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The Gaviota Coast Planning Advisory Committee discussed ways to reduce the LOSSAN North Corridor Improvement Project’s environmental impact during their meeting last night.
Scheduled for completion between 2015 and 2025, the project is a proposal of 99 improvements to the North-South railway corridor stretching between Los Angeles and San Luis Obispo. Expected to cost over $100 million, the upgrades will include softening several turns, improving signal lights and moving portions of track in an effort to speed up train travel. The committee discussed the impact of the new rail project and drafted a letter to Caltrans requesting research into safety concerns, coastal access and aesthetic issues.
Caltrans will review the committee’s suggestions and decide whether to include them in the final construction plans.
According to Charles Kimbell, a member of the Gaviota Coast Planning Advisory Committee, Caltrans should review several environmental concerns before the project begins. Kimbell said the LOSSAN project could damage the county’s aesthetic look and harm the local environment by changing wildlife passages, altering pedestrian beach access, installing railway crossings and contributing to coastal erosion.
In addition to the project’s environmental impact, the committee also discussed possible safety risks.
Beverly Boise-Cossart, a member of the Gaviota Coast Planning Advisory Committee, said the proposal will need improved safety measures to address the increased rail speeds called for in the LASSON plan.
“I think we need to address safety issues around the track with the train speed increasing to 90 miles per hour,” Boise-Cossart said. “We need crossing signals at all crossings with a train coming 90 miles per hour you do not have time to see that train moving around corners.”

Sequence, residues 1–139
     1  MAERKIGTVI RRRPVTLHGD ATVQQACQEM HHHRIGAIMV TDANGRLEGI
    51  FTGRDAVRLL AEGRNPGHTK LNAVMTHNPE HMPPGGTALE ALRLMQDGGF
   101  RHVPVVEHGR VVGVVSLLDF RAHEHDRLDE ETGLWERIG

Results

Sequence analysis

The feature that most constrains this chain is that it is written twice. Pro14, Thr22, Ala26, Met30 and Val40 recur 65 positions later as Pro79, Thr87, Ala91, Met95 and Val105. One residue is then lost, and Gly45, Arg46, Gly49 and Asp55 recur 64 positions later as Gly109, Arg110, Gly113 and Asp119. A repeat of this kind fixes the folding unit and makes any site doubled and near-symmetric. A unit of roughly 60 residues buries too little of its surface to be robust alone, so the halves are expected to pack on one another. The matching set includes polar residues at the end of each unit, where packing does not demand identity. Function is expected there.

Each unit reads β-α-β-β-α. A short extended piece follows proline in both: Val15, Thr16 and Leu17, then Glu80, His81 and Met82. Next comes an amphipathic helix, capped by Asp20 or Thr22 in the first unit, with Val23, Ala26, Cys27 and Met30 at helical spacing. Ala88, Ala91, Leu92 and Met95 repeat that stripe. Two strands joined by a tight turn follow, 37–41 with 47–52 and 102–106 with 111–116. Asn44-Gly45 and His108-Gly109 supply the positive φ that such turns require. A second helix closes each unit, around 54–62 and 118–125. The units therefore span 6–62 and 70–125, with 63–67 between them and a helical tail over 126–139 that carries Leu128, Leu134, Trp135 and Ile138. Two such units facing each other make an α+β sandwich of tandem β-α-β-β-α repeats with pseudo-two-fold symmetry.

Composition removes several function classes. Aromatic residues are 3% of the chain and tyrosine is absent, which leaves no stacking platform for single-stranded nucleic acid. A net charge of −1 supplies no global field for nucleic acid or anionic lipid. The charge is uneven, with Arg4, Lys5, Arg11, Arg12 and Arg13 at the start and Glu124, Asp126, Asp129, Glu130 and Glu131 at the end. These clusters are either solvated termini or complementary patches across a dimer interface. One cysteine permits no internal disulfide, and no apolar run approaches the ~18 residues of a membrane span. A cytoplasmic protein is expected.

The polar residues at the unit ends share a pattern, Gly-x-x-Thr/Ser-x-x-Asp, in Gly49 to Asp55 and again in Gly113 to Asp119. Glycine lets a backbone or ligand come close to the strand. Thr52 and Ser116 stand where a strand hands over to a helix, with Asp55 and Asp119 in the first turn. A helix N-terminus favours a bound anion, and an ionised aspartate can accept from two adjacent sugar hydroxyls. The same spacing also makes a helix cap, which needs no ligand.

The council also discussed the possibility of requesting research to be done on the possibility of freighting more agricultural cargo along the railway.
Christina McGinnis, a member of the Gaviota Coast Planning Advisory Committee, said the railway will provide a greener alternative to current transportation methods.
“I would like to see the train be used to transport greater amounts of agricultural products,” McGinnis said. “With peak oil approaching, the train could be a great asset in the future.”
Despite the environmental benefits of improved mass transportation, some members of the committee argued the plan was not practical because the Gaviota Coast lacks enough agricultural produce to require large-scale freight transportation.
Gaviota Coast Planning Advisory Committee member and local rancher Jose Baer said the transportation of his cattle on the railway in the past was not a productive alternative to other means.
“We used to ship our cattle by rail but it just got to be too inconvenient,” Baer said.
The committee eventually decided to suggest that Cal Trans look into ways to increase agricultural freight.